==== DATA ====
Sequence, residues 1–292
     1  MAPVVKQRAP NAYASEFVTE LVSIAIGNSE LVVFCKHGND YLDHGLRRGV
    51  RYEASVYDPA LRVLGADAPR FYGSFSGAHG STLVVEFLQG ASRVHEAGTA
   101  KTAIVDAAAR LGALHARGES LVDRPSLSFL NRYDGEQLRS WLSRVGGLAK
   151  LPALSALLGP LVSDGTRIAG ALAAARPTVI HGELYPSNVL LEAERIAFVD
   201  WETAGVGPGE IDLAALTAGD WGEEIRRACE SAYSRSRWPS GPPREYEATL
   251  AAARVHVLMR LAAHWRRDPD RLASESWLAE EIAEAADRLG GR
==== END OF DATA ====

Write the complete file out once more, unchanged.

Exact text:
Sequence, residues 1–292
     1  MAPVVKQRAP NAYASEFVTE LVSIAIGNSE LVVFCKHGND YLDHGLRRGV
    51  RYEASVYDPA LRVLGADAPR FYGSFSGAHG STLVVEFLQG ASRVHEAGTA
   101  KTAIVDAAAR LGALHARGES LVDRPSLSFL NRYDGEQLRS WLSRVGGLAK
   151  LPALSALLGP LVSDGTRIAG ALAAARPTVI HGELYPSNVL LEAERIAFVD
   201  WETAGVGPGE IDLAALTAGD WGEEIRRACE SAYSRSRWPS GPPREYEATL
   251  AAARVHVLMR LAAHWRRDPD RLASESWLAE EIAEAADRLG GR